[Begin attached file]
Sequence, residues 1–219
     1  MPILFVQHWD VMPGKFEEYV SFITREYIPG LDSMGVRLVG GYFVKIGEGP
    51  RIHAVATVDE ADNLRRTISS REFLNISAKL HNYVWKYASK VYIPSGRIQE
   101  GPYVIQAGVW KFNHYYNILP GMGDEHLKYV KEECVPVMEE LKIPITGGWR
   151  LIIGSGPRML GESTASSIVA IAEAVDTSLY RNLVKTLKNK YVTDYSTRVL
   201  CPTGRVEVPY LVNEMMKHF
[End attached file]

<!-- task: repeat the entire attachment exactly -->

Sequence, residues 1–219
     1  MPILFVQHWD VMPGKFEEYV SFITREYIPG LDSMGVRLVG GYFVKIGEGP
    51  RIHAVATVDE ADNLRRTISS REFLNISAKL HNYVWKYASK VYIPSGRIQE
   101  GPYVIQAGVW KFNHYYNILP GMGDEHLKYV KEECVPVMEE LKIPITGGWR
   151  LIIGSGPRML GESTASSIVA IAEAVDTSLY RNLVKTLKNK YVTDYSTRVL
   201  CPTGRVEVPY LVNEMMKHF